24 July 2008


Here is an interesting science article from the New York Times. I've been reading a lot lately about how mirrors can help psychological disorders that no medications can help-- like getting rid of phantom limbs or phantom pains in amputees.

The main point of the article is to explain the fact that, when you look in a mirror, no matter how far you are from the mirror, your image on the mirror's surface will remain the same size. This is due to the fact that the mirror is always half-way between you and your reflected image.

There are other interesting things in the article: there is research that people are more self-aware when mirrors are around. If you are in a room with a mirror, you are less likely to cheat or judge people and more likely to help others.

On a separate note, the article says that when people are presented with photos of themselves which are airbrushed to look better, worse, or left the same, people identify the best photograph as the one untouched. But they only did that with their own photos-- for other people's photos they could identify the unairbrushed image.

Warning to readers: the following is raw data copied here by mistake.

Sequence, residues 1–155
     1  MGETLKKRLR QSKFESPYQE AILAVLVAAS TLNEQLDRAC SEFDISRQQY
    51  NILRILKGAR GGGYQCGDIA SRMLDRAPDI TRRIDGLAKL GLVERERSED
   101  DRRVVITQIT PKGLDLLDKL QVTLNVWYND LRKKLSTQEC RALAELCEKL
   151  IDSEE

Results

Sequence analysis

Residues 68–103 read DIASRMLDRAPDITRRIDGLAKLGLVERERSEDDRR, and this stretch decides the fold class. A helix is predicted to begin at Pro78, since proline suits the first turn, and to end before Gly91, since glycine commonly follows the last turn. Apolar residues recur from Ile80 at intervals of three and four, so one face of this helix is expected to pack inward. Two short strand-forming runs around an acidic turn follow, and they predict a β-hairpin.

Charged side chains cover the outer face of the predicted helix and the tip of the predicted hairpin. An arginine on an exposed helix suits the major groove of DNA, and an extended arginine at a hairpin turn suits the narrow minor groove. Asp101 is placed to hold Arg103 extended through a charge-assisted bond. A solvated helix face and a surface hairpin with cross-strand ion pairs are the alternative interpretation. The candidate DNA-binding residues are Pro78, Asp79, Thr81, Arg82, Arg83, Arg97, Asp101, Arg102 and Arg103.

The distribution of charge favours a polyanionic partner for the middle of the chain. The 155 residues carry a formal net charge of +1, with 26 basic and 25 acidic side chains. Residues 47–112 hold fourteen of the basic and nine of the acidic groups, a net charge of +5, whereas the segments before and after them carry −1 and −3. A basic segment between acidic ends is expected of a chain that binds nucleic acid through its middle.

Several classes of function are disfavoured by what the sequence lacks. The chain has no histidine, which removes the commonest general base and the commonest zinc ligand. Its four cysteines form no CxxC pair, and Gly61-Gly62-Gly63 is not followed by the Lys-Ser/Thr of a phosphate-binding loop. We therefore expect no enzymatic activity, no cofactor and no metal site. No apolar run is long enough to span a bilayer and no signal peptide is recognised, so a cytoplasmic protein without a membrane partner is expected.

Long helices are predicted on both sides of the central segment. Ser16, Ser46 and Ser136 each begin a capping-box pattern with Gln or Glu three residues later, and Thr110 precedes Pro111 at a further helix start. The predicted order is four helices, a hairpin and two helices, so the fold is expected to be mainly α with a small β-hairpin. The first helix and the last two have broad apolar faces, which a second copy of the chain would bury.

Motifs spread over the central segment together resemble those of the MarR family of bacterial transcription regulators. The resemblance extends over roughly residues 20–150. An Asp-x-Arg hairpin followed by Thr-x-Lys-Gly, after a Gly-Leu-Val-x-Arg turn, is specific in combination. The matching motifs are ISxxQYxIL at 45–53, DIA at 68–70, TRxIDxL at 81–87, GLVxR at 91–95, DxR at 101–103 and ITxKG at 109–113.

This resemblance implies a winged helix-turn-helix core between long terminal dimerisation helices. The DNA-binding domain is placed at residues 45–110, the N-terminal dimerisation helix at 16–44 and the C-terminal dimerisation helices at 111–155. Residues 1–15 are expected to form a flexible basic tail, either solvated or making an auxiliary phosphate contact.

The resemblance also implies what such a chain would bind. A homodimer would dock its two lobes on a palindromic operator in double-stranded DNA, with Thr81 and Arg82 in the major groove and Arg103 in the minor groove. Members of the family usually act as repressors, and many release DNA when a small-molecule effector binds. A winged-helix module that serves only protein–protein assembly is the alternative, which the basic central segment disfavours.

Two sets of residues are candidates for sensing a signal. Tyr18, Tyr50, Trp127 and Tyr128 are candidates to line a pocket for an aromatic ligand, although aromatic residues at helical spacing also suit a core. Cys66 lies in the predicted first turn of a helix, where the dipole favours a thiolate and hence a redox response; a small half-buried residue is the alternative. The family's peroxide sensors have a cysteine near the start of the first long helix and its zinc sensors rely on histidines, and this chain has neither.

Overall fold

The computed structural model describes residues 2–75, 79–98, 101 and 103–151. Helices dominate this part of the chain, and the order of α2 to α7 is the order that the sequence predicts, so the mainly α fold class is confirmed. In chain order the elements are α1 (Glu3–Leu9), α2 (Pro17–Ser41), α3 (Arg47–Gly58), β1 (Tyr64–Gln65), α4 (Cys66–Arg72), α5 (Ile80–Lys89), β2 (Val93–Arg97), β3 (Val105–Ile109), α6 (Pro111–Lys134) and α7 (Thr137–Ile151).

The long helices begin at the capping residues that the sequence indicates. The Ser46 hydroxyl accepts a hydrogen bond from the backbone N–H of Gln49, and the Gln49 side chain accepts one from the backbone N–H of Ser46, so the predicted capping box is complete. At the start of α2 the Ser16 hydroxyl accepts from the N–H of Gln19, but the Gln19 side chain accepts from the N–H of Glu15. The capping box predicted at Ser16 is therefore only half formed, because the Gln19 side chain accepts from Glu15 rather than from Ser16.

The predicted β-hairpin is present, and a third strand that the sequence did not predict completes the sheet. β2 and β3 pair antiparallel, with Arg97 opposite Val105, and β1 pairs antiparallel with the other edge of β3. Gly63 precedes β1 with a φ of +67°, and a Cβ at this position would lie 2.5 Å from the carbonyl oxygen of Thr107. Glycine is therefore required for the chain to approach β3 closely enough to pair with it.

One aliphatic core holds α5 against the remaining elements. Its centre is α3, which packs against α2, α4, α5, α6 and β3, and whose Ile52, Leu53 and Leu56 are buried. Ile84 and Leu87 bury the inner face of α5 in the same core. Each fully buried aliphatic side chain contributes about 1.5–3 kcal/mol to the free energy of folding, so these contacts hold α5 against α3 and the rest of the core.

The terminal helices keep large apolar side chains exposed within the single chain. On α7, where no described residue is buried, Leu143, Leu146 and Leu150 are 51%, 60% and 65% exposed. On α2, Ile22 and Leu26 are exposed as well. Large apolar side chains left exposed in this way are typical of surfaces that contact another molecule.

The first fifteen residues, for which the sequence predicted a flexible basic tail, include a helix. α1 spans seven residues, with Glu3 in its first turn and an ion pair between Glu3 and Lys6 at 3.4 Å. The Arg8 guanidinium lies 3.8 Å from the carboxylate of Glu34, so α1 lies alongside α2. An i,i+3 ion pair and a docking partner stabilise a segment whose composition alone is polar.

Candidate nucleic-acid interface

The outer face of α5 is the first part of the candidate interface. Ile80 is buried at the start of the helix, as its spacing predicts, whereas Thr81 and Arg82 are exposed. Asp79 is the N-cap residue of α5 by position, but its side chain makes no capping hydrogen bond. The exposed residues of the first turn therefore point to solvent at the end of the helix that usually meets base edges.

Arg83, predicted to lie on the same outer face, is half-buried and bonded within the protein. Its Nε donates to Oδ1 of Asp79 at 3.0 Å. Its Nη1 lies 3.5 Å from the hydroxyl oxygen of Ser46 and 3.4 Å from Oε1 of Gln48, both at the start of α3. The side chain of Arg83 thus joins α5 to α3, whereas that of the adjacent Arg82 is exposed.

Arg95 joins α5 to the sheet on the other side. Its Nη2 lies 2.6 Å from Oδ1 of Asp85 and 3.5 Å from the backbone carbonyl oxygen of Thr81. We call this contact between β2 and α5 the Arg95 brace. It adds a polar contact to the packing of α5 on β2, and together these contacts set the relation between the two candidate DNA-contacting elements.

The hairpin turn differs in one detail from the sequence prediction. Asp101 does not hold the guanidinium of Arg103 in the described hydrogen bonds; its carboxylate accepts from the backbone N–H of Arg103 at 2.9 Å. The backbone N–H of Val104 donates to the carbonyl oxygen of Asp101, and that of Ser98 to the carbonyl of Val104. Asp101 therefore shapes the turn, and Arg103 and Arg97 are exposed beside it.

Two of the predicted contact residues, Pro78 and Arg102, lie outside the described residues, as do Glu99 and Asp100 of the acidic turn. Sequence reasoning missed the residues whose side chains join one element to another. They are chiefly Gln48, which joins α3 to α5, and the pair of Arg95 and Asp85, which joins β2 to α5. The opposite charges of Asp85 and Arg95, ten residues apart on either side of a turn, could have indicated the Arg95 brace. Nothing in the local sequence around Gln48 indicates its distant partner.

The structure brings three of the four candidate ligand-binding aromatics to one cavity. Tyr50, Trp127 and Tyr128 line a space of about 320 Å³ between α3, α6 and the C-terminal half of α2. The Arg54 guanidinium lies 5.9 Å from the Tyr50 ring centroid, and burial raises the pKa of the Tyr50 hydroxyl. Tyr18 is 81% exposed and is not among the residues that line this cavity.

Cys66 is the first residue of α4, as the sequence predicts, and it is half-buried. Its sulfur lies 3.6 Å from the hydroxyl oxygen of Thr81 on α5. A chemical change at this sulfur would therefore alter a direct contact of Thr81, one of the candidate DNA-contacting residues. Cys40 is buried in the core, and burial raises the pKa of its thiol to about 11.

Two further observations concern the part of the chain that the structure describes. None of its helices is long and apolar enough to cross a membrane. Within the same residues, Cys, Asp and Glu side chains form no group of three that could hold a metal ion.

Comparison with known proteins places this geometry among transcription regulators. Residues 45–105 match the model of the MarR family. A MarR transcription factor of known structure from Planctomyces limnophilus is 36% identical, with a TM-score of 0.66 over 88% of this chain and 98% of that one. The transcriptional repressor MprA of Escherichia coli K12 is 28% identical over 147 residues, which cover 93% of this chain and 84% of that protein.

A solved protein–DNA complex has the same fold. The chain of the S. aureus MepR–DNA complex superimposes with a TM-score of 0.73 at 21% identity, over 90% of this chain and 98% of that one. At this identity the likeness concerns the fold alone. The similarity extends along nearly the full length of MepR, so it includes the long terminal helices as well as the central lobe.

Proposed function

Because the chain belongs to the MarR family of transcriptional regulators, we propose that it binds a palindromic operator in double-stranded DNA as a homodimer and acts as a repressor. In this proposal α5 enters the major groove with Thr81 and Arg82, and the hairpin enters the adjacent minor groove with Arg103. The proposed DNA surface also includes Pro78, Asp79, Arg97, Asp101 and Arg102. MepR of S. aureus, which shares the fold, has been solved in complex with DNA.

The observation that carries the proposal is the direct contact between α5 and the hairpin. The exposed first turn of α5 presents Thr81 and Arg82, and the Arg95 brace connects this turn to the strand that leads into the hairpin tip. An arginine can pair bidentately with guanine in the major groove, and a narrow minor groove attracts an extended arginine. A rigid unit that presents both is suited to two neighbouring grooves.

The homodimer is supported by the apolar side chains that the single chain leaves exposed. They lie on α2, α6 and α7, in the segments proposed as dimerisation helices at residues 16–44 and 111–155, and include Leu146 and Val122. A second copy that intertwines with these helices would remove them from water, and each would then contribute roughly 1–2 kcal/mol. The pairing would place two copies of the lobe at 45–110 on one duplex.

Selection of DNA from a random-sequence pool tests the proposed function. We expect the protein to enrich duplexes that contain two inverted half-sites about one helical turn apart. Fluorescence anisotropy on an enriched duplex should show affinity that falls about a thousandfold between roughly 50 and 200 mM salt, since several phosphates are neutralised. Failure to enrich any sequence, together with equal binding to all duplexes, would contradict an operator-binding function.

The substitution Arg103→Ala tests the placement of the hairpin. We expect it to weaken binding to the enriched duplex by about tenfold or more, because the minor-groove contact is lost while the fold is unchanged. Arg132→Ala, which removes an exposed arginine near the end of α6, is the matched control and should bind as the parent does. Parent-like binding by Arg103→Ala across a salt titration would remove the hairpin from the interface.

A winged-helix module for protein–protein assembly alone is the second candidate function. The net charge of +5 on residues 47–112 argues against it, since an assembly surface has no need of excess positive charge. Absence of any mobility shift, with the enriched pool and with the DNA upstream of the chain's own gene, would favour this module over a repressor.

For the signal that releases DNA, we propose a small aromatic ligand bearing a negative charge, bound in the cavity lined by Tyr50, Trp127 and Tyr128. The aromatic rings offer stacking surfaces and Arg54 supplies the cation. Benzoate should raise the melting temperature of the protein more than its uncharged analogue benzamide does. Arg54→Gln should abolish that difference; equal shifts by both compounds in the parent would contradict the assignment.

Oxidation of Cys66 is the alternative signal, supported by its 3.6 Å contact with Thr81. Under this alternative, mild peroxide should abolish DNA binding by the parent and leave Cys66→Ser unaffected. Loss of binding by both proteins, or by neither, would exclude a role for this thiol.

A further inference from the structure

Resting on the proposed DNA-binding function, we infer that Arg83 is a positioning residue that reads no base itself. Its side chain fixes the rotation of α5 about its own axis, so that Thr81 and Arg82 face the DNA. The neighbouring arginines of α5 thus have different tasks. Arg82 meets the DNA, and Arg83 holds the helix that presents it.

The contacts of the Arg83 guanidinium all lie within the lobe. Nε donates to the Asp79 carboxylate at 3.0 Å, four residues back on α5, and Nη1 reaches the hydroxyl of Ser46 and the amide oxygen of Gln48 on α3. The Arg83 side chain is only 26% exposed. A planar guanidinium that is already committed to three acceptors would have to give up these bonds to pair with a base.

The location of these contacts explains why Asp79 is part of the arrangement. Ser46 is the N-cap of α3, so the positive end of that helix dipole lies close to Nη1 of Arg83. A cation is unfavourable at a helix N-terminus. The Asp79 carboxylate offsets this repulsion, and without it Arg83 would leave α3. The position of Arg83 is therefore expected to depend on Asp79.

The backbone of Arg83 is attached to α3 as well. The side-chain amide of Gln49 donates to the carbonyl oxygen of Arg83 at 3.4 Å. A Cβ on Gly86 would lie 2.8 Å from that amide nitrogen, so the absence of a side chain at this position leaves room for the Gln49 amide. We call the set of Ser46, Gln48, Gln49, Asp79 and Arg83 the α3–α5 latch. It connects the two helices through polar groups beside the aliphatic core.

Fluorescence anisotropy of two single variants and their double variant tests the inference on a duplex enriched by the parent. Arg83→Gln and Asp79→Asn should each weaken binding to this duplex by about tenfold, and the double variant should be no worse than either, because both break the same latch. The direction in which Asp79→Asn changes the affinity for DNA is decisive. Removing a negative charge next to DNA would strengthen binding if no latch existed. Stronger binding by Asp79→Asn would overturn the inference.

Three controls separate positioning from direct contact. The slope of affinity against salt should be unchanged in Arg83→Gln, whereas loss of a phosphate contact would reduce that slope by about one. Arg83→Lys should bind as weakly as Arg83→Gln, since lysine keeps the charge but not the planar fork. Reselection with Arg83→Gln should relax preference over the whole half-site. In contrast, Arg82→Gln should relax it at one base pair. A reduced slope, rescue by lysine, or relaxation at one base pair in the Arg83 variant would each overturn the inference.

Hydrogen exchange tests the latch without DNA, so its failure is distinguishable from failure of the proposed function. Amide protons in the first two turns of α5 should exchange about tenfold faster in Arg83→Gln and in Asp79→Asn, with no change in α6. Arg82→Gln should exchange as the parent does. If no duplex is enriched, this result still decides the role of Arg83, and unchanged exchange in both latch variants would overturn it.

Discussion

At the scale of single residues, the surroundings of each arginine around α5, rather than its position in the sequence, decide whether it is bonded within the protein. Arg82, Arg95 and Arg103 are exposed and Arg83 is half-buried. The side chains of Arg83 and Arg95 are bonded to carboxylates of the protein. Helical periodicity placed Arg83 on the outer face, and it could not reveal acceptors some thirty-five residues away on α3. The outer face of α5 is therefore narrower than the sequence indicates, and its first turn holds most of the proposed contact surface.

08 July 2008

a science journalist answers some questions

From Dennis Overbye of the NY times:

There really isn't any such thing as a silly question in science, where the best people often are those who are free enough to think up a really outlandish question. Einstein said his success was due to the fact that he kept asking a child's questions when he was an adult. I am reminded of what Niels Bohr once said, "We are all agreed that your theory is crazy. The question which divides us is whether it is crazy enough to have a chance of being correct."